Small Fixes for Big Problems
I know that spring is finally upon us because my wife has started organizing her vegetable garden. The garden, like the start of baseball season and the sound of lawn mowers instead of snow blowers, is a sure sign of longer days and warmer evenings.
The other sure sign, unfortunately, is the seemingly endless news reports of higher ed budget cuts, coupled with tuition hikes at both public and private institutions across the country. In all, 43 states have made significant cuts to their higher education budgets, according to the Center on Budget and Policy Priorities (www.cbpp.org).
Colleges and universities--and students--are paying the price, and there doesn't seem to be a way out.
The University of Arizona, for example, wants to counteract state funding cuts by raising tuition and fees by $1,790 next year, a 22 percent hike. The budget proposed by Arizona Governor Jan Brewer would also cut the state's funding to Maricopa County community colleges by $38.4 million, or 85 percent.
Pennsylvania Governor Tom Corbett has proposed dramatic cuts to education, including cutting $625 million, or about 50 percent, of funding meant for 14 state-owned universities, as well as Temple University, Penn State, Lincoln University, and the University of Pittsburgh.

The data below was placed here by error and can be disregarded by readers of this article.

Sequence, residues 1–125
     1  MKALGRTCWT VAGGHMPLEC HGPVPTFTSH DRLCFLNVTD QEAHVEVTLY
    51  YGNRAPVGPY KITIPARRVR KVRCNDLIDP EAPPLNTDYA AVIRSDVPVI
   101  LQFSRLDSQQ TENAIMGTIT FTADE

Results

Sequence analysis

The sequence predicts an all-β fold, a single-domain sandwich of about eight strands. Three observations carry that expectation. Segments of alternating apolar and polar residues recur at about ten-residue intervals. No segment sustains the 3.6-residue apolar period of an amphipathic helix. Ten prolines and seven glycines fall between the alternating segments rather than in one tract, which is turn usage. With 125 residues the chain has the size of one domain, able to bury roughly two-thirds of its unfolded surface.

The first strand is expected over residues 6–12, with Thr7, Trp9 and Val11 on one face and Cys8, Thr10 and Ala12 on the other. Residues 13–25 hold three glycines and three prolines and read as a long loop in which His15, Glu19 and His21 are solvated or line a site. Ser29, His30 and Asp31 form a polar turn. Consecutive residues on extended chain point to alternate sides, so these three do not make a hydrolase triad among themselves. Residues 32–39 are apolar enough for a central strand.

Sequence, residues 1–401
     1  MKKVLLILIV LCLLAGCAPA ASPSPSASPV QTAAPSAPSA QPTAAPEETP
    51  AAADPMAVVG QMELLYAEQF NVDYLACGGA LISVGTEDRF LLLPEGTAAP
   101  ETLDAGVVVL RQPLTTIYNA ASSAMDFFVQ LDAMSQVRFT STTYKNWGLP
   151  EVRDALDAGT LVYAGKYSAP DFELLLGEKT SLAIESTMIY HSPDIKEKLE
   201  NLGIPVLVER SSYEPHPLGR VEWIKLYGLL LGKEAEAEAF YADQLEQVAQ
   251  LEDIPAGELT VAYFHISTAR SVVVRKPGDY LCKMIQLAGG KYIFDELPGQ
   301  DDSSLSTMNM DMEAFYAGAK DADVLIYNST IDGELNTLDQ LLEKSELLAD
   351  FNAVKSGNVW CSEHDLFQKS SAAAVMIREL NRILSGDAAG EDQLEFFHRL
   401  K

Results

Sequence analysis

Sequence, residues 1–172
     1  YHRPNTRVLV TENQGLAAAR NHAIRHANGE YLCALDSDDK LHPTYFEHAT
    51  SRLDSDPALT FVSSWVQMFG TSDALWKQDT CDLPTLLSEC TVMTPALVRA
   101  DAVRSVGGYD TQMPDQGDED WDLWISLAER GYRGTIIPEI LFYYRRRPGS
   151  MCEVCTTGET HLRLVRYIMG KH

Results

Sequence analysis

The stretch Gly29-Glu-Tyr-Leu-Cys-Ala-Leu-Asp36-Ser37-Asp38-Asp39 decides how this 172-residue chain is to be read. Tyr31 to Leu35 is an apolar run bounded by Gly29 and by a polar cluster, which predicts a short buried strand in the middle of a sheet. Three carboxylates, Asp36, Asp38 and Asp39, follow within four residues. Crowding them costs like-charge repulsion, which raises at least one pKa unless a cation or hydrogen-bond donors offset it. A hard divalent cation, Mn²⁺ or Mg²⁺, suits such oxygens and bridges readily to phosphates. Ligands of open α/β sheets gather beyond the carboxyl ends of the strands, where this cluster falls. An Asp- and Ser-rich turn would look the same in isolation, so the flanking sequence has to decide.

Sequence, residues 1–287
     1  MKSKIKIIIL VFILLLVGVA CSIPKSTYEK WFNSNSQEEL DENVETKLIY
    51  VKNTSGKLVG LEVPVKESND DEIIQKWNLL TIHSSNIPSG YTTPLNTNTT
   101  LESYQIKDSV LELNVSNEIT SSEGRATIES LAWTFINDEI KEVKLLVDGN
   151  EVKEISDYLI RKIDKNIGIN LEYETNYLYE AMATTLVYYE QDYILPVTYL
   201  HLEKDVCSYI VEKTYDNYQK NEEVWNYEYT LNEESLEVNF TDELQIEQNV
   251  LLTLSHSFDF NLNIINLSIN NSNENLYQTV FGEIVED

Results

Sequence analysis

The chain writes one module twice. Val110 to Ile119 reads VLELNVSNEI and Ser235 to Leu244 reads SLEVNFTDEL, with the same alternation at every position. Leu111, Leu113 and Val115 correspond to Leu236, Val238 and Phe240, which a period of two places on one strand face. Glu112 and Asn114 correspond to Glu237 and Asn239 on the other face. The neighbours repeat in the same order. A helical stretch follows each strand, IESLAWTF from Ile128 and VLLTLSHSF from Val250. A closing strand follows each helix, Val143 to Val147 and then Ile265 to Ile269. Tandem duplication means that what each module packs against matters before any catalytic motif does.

In Washington State, college and university leaders were told they would face $600 million in cuts in the next two years--about half their previous funding--and that they should prepare for an additional $180 million in cuts if tax revenue doesn't improve. Either way, officials at the University of Washington predict tuition will have to increase more than the 11 percent currently proposed.
Florida students must wonder where the state's priorities lie when they read that Governor Rick Scott's proposed budget cuts $3.3 billion from overall education funding. Meanwhile, lawmakers want state funds to build golf courses and hotels in each of the five state parks. This is in a state that already has more golf courses--over 1,000--than any other state.
Still, there are some hopefuls signs.
Rhode Island Governor Lincoln Chafee has proposed a budget that actually increases higher education funding by $10 million. It won't close the funding gap, but it will help hold back tuition increases.
New York Governor Andrew Cuomo says he will reject tuition increases in the state's schools. Good news for families perhaps, but the schools are working through a 30 percent funding reduction from the last three years.
And in Tennessee, officals at The University of the South, said they would cut its $46,000 sticker price by 10 percent next year, to end what it called the "tuition game."
True, these are Band-Aids on gaping wounds. But until the economy improves, these measures and others like them may be the best we can expect.
Write to Tim Goral at email@example.com.